YOKOTA AIR BASE, Japan — Over the past half-century, the Protestant Women of the Chapel program on U.S. military installations in Japan has lagged behind others around the world in terms of visibility.

Officials hope to bring more attention to the group and its activities during the first-ever Protestant Women of the Chapel Rising Son Training and Leadership Conference, scheduled for March 3-5 at Yokota’s Taiyo Recreation Center. The session culminates with a jubilee banquet at the Officers’ Club to celebrate the organization’s 50th anniversary.

The conference, which organizers plan to hold every year, is open to women ages 18 and older and will feature collective meetings and breakout workshops, all designed to promote leadership skills and teach attendees about women’s ministry, said Dr. Lynn McCallister, the Protestant Women of the Chapel’s adviser for Japan and Guam.

“It’s also aimed at developing women in their personal spiritual growth, if they’re not interested in ministry,” McCallister said. “This will be for women from all bases in Japan. Even though it’s sponsored by PWOC, women of other faiths, regardless of their religious background, are welcome to attend as well.”

Founded in 1955, Protestant Women of the Chapel features about 9,000 members, with chapters spread across more than 170 military bases worldwide, according to McCallister. It receives funding from the Defense Department, which primarily is used to offset travel expenses for those who serve on national and regional boards within the military chapel community.

Local groups rely heavily on donations and resources from each base’s chapel budget, she added.

“Our primary mission is to support the chapel programs, develop women in their personal spiritual growth and minister to others,” McCallister said. “When installations have a strong PWOC, the positive atmosphere just pervades the whole community, and they’ve got 50 years of history to verify that.”

The organization’s regular activities include weekly Bible studies, rallies, retreats, conferences, annual training and various monthly programs based on community needs.

Its presence is stronger overseas, particularly in Europe, McCallister said. An all-Korea conference called “Faithlift” has been staged the last few years. Japan’s program, however, is generally considered the weakest of all the international regions.

“That’s partly because installations are so isolated here,” she said. “Historically, PWOC is strongest with an Army presence. In Japan, we just have more representation of other branches.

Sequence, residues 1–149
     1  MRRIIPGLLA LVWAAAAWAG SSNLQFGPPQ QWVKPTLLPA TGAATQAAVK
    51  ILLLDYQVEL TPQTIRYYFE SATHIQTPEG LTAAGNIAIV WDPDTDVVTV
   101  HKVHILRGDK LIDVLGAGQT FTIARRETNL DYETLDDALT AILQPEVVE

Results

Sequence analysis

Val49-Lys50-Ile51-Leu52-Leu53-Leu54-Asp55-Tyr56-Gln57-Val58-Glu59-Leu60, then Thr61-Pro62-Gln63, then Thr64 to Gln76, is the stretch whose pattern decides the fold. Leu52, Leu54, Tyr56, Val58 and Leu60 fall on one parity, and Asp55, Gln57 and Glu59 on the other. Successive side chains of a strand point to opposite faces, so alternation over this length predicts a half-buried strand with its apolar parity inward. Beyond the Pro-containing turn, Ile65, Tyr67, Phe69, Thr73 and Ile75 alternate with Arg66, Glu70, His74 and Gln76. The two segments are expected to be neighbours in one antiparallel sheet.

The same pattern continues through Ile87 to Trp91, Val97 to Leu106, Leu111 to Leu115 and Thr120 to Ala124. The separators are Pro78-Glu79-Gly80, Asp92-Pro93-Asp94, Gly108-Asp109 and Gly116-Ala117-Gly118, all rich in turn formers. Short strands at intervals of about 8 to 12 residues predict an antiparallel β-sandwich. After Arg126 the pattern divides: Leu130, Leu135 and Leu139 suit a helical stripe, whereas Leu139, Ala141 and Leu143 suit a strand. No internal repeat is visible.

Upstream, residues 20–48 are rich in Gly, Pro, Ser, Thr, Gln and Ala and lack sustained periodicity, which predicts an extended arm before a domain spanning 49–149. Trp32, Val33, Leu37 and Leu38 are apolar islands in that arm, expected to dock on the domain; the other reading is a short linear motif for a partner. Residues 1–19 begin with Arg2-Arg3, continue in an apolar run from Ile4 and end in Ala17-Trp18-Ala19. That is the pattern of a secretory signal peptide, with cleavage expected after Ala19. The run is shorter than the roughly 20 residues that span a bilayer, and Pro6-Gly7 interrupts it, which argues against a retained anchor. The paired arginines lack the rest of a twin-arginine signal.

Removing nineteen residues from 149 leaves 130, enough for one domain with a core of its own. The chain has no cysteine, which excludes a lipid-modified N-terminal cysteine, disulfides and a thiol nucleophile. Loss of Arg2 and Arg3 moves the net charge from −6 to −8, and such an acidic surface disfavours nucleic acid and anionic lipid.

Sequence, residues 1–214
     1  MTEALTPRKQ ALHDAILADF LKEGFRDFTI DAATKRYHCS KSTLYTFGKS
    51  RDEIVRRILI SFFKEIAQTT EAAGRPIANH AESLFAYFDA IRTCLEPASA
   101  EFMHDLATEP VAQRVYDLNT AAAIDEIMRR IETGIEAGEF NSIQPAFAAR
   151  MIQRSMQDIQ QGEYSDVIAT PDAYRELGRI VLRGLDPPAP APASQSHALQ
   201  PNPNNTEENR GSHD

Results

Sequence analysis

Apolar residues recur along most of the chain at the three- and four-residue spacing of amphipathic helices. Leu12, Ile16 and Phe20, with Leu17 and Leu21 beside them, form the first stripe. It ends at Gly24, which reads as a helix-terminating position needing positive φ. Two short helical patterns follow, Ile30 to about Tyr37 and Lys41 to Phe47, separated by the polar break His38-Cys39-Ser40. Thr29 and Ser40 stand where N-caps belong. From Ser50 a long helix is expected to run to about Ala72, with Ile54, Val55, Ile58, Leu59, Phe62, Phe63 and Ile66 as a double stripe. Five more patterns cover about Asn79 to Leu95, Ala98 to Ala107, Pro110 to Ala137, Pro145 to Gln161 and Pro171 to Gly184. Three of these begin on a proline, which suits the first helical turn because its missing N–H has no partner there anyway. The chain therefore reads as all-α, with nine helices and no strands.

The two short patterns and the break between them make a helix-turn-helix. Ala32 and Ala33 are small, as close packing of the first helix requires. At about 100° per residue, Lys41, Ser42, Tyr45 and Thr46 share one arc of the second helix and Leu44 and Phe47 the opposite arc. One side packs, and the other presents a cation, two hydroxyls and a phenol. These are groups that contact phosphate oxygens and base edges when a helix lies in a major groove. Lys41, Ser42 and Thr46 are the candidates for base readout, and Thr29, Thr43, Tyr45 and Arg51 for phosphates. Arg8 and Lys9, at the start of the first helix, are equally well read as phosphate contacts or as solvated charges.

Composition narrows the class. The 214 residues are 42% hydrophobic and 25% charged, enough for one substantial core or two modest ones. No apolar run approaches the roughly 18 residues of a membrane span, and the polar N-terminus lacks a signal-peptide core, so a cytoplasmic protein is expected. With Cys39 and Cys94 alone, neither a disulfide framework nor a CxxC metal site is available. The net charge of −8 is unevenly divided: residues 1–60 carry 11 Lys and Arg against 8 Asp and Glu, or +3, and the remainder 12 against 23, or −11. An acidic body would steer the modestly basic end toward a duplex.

“This conference will help fix that. It’ll help educate and hopefully invigorate some people. When you have strong, contented or happy women, then families become stronger. That’s particularly important during times of deployment.”

Two guest speakers are covering that issue in detail at the upcoming inaugural Japan conference, she said.

Brenda Pace, author of the new book “Medals Above My Heart,” will discuss the rewards of being a military wife. She’ll be followed by PWOC-USA president Kim Worrell, whose active-duty husband has been deployed for the last 18 months.

“They have years and years of experience of being married to deployed servicemembers,” McCallister said, adding that her husband, Larry, has spent nearly half of their 25-year marriage away from home. “We have this deployment thing down real, real well. They’ll offer words of encouragement for women who have deployed loved ones.”

McCallister said other steps are being taken to raise the organization’s profile in Japan. In addition to annual training at different installations, officials are preparing a resource booklet for all of the Pacific rim, with contact information and ministries to encourage networking and expansion.

The Japan wing consists of active chapters at Misawa Air Base, Camp Zama and Yokota. A large group on Okinawa, which includes members from several of the island’s military installations — meets at Kadena Air Base. The group’s newest addition formed last year on Iwakuni Marine Corps Air Station.

No chapters exist at Sasebo Naval Base, Atsugi Naval Air Facility or Yokosuka Naval Base.

“We just want to get it more active at every individual installation, because it benefits not only the community as a whole but each individual as well,” McCallister said.

The deadline to register for the March conference at Yokota is Feb. 24. Electronic registration packets may be obtained from local religious education coordinators.

For more information, contact McCallister by e-mail at

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